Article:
Professional Employer Organizations (PEOs) are among the fastest growing employment trends, particularly within the health care industry. The National Association of Professional Employer Organizations (NAPEO), the national trade association for PEOs, estimates on its website that the average PEO has grown more than 20% each year for the last six years, and PEOs now employ between 2 and 3 million workers in the United States. An offshoot of employee leasing arrangements, PEOs differentiate themselves from leasing arrangements by the intended permanency of the PEO employment relationship, as opposed to the temporary, projectoriented nature of most leasing arrangements. In the typical PEO scenario, the PEO hires all or a significant portion of the existing employees (the Worksite Employees) of an established entity or business unit, with the Worksite Employees continuing to supply the same services to the original employer (the Client Organization).

An analogy to a famous childhood nursery rhyme best describes the workings of a PEO: When it is good, it is very, very good and when it is bad, it is horrid. The problem is that PEOs, as institutions, have grown more quickly than the employment, tax and employee benefit laws that govern them, which remain woefully far behind.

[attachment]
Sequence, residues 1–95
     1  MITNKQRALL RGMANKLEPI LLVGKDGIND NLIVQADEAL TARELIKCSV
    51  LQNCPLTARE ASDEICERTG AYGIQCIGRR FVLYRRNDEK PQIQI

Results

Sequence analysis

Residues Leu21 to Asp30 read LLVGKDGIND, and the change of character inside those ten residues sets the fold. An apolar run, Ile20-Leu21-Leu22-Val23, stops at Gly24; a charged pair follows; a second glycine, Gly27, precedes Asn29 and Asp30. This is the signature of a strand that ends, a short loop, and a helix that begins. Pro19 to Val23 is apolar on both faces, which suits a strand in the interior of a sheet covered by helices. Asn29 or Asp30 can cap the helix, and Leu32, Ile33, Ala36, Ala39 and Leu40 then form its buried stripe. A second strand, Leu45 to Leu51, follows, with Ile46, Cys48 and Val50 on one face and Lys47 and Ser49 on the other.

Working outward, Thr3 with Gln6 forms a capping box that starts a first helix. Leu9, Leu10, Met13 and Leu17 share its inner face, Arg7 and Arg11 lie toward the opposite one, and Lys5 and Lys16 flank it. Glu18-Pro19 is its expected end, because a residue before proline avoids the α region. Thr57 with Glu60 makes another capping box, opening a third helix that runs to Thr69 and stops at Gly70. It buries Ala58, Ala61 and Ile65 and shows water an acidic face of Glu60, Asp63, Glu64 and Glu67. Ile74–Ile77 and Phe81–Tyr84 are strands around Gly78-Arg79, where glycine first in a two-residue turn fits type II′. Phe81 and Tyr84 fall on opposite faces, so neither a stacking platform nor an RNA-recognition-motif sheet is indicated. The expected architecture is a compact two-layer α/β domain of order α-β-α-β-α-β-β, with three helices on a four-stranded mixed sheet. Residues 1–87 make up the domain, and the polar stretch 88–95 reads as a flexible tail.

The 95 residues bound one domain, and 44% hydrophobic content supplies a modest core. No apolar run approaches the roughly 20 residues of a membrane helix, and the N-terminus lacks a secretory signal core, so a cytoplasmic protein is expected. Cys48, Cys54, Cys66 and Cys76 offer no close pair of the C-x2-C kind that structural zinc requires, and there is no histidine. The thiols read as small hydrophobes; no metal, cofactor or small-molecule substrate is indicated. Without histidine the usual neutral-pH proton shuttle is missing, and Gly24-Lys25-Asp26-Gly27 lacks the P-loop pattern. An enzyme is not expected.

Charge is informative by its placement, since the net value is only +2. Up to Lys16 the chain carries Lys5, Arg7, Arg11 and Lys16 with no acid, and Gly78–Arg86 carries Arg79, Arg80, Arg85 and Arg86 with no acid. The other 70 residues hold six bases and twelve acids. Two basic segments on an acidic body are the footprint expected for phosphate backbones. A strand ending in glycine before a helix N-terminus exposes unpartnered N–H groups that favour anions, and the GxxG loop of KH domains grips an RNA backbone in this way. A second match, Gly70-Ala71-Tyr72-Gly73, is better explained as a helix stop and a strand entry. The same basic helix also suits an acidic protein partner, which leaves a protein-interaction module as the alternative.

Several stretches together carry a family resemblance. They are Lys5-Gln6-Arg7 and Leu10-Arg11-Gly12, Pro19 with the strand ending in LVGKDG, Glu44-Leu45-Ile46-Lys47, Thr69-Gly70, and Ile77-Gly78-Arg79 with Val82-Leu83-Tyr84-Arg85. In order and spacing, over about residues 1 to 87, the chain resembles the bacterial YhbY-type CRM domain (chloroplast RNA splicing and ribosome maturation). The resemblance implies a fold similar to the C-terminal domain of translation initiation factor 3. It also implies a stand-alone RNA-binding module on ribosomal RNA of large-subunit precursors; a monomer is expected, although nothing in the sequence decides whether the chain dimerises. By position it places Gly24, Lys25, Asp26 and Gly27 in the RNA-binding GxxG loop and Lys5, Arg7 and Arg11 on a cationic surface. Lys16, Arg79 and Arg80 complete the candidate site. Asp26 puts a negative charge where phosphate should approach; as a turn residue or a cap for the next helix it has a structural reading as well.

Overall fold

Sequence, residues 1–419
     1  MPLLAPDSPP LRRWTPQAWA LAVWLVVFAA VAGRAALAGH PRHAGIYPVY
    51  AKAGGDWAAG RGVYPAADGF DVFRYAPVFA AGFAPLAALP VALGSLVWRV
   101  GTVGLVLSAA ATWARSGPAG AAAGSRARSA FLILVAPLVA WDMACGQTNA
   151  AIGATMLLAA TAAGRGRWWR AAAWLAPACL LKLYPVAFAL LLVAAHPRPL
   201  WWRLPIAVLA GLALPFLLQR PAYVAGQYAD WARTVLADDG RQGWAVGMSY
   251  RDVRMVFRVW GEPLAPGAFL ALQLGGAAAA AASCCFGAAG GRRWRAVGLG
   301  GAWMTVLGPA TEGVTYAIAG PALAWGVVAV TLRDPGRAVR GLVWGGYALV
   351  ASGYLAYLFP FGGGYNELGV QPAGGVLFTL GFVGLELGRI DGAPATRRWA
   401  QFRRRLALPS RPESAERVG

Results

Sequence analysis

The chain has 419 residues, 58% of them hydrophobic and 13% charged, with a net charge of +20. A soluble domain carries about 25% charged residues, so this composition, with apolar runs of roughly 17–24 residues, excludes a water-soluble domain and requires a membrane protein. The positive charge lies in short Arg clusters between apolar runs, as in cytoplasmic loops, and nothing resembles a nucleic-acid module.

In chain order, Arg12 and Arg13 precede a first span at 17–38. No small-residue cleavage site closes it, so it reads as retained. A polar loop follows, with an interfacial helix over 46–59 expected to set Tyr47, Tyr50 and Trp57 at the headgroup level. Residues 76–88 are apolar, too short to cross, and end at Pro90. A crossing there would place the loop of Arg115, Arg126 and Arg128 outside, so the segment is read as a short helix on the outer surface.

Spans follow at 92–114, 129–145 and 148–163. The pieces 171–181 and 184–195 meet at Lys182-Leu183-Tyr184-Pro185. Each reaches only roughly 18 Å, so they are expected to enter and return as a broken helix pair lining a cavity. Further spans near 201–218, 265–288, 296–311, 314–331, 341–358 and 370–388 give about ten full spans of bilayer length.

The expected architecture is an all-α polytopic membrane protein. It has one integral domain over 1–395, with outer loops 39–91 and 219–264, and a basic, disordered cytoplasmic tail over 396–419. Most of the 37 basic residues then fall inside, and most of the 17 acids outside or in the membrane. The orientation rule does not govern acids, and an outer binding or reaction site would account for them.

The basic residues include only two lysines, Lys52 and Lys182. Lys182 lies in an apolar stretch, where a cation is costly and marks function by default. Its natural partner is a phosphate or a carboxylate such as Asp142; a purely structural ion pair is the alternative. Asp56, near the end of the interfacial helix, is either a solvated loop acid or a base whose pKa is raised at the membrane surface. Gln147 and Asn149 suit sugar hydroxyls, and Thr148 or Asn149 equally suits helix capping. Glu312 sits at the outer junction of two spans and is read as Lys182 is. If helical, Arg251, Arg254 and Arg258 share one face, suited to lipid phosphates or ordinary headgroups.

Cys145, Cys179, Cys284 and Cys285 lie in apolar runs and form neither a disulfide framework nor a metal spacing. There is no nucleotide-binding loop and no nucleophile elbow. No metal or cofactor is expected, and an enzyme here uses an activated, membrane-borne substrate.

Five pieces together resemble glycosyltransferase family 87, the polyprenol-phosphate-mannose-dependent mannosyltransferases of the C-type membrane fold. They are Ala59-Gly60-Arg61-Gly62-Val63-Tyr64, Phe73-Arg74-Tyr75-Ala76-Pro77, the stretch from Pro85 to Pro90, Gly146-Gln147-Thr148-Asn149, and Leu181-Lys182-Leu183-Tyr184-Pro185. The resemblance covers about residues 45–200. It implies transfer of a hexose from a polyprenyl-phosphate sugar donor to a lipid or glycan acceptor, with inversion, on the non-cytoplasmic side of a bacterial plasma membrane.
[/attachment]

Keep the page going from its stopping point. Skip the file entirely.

The workings of each PEO arrangement are negotiated between the PEO and the Client Organization. In general, the PEO becomes the employer of record for the Worksite Employees and assumes all payroll and human resources functions. The PEO provides the payroll, employment and tax withholdings, employee benefit plans, workers’ compensation, state unemployment insurance, as well as COBRA and HIPAA administration and compliance. Usually the PEO has the authority to hire, discipline and fire employees, but normally the day to day supervision resides with the Client Organization. The negotiated terms may vary, but typically, the PEO and the Client Organization share responsibility for employment law compliance. As a result, in most instances, a “joint-employer” relationship is established. The PEO is the employer for payroll, employment and tax withholding purposes and for some employment law responsibilities, and the Client Organization is the employer for employment responsibilities, depending on how the responsibilities are broken down between the two parties.

The treatment of employee benefit plans in a PEO context is tricky. In most instances, the IRS views the Client Organization as the common law employer, primarily due to the Client Organization’s exercise of the right to direct and control the Worksite Employees on a daily basis. This can be a problem, as one of the motivating factors for a Client Organization to contract with a PEO is to pass employee benefit plan responsibility to the PEO. As a result, the defined contribution retirement plans offered by most PEOs (usually 401(k) plans) are set up as multiple employer plans, in accordance with IRS Revenue Procedure 2002-21. (Multiple employer plans are not to be confused with “multiemployer plans” which provide benefits only to employees whose benefits are negotiated pursuant to collective bargaining.)